Social Media Cliff Notes
Cliff Notes for Social Media
Remember cliff notes? They’re summaries of longer work, designed to get a student up to speed quickly without having to read the entire book. Sort of a cheat, you might say, but a very effective cheat at that.
There are volumes written about how to succeed dramatically and radically with social media. And then there’s my own version of Social Media Notes, designed to help you become a social media savant in no time.
Ready? Here are the commandments to follow, the mistakes to avoid and the creative methods of engaging others that produce real results. Remember, these are short but exceedingly powerful. Ignoring any one of them may be perilous to your bottom line.
The 15 Commandments of Social Media:
- Help others often, eagerly and without thought of benefit to yourself.
- Be patient with others. Remember, you were once new to social media, too.
- Share great content.
- Forward great content and credit generously.
- Thank often and thank liberally.
- Be yourself, not a cardboard cutout. Show your personality.
- If you don’t have a personality, grow one and then show it.
- Blog often and intelligently.
- If you don’t know something, say so. Then find out and get back to them.
- Don’t just talk – have real conversations. Remember, these are real people, not just avatars and photos.
- Find the time for social media. Schedule it in and then just do it.
- Use tools to schedule posts and monitor mentions. Social media is one facet of your marketing campaign – it’s not your life.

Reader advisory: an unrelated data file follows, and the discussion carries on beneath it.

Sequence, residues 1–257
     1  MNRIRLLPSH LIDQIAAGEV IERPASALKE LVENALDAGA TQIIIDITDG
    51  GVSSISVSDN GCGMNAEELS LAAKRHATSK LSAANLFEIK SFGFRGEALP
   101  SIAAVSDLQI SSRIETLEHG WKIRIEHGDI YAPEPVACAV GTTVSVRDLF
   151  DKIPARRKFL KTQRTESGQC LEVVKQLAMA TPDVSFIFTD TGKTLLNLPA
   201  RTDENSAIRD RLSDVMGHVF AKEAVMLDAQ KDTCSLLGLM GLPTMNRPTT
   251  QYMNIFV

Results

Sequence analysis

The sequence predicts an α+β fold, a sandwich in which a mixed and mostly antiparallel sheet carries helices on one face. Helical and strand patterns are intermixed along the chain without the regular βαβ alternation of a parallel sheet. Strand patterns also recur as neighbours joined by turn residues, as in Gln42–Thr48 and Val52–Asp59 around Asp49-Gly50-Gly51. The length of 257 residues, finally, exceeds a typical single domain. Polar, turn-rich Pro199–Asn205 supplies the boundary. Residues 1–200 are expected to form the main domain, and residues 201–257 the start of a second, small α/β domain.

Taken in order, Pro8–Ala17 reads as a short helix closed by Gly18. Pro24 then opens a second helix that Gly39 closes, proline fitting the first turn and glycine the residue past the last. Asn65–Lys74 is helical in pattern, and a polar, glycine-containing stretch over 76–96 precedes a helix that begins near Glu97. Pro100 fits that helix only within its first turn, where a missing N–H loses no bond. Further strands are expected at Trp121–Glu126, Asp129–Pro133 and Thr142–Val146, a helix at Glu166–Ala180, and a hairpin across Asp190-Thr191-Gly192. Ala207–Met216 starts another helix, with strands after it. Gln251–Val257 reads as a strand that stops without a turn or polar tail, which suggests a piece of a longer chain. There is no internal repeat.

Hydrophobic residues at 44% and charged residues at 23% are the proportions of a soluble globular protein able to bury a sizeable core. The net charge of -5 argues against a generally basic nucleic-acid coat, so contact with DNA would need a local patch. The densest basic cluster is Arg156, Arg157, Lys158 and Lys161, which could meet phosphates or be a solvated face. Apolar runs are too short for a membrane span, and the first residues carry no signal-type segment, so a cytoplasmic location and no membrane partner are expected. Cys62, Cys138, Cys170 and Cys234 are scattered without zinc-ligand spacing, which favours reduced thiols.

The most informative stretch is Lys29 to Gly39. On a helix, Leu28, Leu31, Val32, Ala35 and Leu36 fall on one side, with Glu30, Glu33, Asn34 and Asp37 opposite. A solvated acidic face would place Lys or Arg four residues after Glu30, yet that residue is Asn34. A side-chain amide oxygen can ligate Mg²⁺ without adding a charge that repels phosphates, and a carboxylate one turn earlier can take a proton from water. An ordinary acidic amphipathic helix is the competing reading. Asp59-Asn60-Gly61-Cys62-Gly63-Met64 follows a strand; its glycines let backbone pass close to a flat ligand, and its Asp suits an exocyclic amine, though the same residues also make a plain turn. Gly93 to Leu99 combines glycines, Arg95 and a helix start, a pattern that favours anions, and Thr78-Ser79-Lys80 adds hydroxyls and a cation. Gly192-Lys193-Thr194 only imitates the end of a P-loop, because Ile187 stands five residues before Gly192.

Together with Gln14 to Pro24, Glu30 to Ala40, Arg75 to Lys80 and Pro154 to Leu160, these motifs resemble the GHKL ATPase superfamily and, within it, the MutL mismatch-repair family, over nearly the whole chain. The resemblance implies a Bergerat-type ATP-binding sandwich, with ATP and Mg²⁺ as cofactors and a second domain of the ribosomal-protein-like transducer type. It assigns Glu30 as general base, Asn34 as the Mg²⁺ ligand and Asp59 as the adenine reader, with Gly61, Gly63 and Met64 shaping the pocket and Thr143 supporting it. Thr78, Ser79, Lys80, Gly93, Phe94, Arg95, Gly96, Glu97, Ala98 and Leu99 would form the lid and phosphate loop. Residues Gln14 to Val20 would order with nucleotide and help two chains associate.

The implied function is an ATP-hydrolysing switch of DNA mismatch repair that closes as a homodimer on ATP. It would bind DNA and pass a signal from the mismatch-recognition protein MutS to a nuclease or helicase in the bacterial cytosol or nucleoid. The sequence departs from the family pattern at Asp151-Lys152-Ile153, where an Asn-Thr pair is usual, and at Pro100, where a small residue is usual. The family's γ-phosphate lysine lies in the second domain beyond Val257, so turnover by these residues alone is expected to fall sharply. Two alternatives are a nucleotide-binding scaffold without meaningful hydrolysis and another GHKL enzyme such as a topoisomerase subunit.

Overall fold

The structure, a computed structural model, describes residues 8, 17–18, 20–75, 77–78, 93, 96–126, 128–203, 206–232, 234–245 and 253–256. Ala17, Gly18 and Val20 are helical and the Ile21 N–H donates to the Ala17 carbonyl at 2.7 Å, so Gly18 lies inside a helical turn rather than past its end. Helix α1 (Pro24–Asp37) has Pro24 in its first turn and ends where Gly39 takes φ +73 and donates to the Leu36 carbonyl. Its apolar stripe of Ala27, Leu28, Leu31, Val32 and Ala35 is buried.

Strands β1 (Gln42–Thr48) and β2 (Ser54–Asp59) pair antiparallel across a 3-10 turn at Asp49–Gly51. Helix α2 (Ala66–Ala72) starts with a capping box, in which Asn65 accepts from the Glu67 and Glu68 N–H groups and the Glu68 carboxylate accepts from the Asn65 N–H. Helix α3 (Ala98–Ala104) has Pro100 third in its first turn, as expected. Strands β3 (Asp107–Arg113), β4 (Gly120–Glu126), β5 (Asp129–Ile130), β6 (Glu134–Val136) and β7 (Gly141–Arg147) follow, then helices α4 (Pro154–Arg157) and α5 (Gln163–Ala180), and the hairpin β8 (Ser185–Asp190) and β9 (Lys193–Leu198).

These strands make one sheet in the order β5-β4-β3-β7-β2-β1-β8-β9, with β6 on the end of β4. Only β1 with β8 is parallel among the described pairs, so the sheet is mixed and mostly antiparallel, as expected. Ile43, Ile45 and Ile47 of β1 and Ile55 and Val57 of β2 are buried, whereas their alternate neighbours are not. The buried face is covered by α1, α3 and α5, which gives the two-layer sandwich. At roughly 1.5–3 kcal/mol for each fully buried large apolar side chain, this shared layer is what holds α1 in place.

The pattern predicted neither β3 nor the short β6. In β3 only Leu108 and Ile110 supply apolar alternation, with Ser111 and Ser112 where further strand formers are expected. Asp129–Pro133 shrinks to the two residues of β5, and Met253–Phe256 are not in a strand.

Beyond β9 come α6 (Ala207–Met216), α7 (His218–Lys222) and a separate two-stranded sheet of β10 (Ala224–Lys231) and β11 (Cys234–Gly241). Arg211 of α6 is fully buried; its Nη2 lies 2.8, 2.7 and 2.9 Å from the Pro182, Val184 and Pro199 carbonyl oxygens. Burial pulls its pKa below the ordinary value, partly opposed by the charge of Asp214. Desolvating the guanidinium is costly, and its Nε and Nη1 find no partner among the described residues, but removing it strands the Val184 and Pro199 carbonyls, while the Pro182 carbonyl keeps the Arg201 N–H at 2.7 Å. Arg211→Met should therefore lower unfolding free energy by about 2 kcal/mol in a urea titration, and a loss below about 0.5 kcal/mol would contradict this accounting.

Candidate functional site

- Don’t automate the whole process. Be there. Reach out and interact. Find the balance between automation and the personal touch.
- Laugh at yourself. Tell tales on yourself. Show your human side – people aren’t friends with Superman, they’re friends real people who have real challenges and real faults and can laugh at themselves.
- Admit your own mistakes and then move on. The mistakes make you human, but dwelling on them makes you annoying.
The 12 Dumbest Mistakes to Avoid In Social Media:
- Posting long, messy, nasty URLs. Use a URL shortener like bit.ly.
- Posting too often. Rein this in by posting only when you actually have something to say.
- Not spacing your posts. Sending 20 posts in 10 minutes and then not posting the rest of the day is – well – dumb.
- Not making sense. Posting, “ARGGHHH” with no other information just annoys people. Post complete thoughts that actually mean something.
- Too much personal stuff. You’re doing social media to promote your business or service, right? Then keep it 90+% business and less than 10% personal.
- Being boring. Posting that chocolate tastes good (No! Really??) or that you had cold cereal for breakfast is so.
- No picture. Yes, you need a profile picture. And yes, it should be a good one. If need be, pay to get your portrait taken – it’s worth it.
- Wrong picture. Your profile picture needs to be of YOU, not a puppy or a cheerleader (unless the puppy or cheerleader is you.)
- Not giving credit or attributing the wrong source. Give credit where credit is properly due. Always.
- Being wrong. Again, check your facts if you’re unsure.
- Being a jerk. No matter how much you disagree, the other person is never an idiot, a moron or a jack***. Remember, once you put it on the net, you can NEVER take it back.